But does staying in the closet at work do oneself a disservice? Does it do the gay community a disservice? This is a point of tension between the more radical gay activists and others in the LGBT community.

"There's two sides to coming out -- those who view it as a political statement and those who view it as a personal statement," says Angelo.  "I tend to lean towards it being a personal statement."

Most psychologists would agree with Angelo -- coming out strategically may be the healthiest thing for the individual, depending on their situation.

Rich Savin-Williams, director of the Sex & Gender Lab at Cornell University,  says that he advises his college-aged patients to consider being selective in the way they come out.

"There is a political agenda that some gay people would advocate that everyone must come out everywhere, but from a psychological perspective, treating real people who have to live real lives, I wouldn't say that's a bright thing to do. For college-aged kids, coming out to a conservative family may cut them off financially or the family might withdraw from them school. I've seen both of these things happen and clearly that wasn't the ideal way to come out," he says.

"I think it's smart to at least initially be careful in how we come out and then as we develop the support systems we need, we branch out and take more risks," Savin-Williams says.

The take-home message researchers at the University of Rochester offer? If the psychological benefits of coming out are directly proportional to how accepting the environment is, then we must work to make all environments supportive of sexual identity.

Copyright 2011 ABC News Radio

Friday
Apr082011

Report: Gay Americans Make Up Four Percent of Population

Jupiterimages/Thinkstock(LOS ANGELES) -- An estimated nine million Americans -- or nearly four percent of the total population -- say they identify as lesbian, gay, bisexual or transgender, according to a new report released this week from the Williams Institute, a think tank devoted to LGBT research at UCLA.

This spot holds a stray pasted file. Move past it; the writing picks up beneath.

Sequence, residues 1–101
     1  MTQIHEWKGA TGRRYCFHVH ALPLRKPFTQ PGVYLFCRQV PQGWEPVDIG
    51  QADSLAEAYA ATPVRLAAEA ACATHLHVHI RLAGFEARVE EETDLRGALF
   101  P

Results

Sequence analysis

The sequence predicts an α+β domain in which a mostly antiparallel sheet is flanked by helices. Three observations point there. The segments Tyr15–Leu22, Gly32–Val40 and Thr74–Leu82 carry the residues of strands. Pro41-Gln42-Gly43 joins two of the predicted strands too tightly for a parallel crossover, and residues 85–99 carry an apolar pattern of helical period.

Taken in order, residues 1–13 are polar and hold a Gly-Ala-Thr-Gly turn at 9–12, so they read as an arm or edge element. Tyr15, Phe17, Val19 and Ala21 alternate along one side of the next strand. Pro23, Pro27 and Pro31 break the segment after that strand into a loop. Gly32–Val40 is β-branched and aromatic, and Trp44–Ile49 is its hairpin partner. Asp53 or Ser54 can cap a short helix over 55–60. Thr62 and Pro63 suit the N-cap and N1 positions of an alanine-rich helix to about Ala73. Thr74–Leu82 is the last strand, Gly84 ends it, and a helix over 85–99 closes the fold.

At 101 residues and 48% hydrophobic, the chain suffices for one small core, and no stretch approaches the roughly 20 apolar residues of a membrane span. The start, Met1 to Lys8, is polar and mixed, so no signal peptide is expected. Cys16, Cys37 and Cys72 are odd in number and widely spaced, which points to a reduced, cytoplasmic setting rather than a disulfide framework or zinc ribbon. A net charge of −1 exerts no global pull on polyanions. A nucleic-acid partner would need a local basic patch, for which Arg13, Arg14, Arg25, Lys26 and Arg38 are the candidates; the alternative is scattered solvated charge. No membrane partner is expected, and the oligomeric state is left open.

Bisexuals make up slightly more than half that group -- 1.8 percent of the total U.S. population -- and they are substantially more likely to be women than men.

The report is the most up-to-date assessment of that population and produced a lower population percentage than the 10 percent number that advocacy groups have used in the past, which was based on Alfred Kinsey studies from 1948.

The new data comes on the heels of another recent report published by the Institute of Medicine for the National Institutes of Health emphasizing the need for more federally funded research on LGBT health problems.

"Sexual orientation is complex, but measurable," said Gary J. Gates, chief researcher and a Williams Distinguished Scholar.  "Hopefully, this will begin to prompt some dialogue on what it means when we say LGBT."

Other key findings were that an estimated 19 million Americans, or 8.2 percent of the population, said they have engaged in same-sex behavior, and 25.6 million, or 11 percent, acknowledged some same-sex attraction.

Gay advocacy groups are hailing the report as a critical first step to inform public policy, research and federal funding.  They say the information is crucial in identifying health and economic disparities, discrimination, domestic partnership benefits and the impact of same-sex marriage.

The report was based on a collection of previous surveys in the United States and around the world.

Copyright 2011 ABC News Radio

Thursday
Mar312011

More Federal Funding for LGBT Research

Medioimages/Photodisc(WASHINGTON) -- In a landmark moment for the lesbian, gay, bisexual and transgender community, the Institute of Medicine on Thursday published a report for the National Institutes of Health emphasizing the need for more federally funded research on LGBT health problems.

Those in the LGBT community face rampant discrimination and misinformation when it comes to getting adequate health care. Gaps in practitioner education and overall gaps in available data on the needs, risks and concerns of those who identify as lesbian, gay, bisexual or transgender are identified in the IOM report.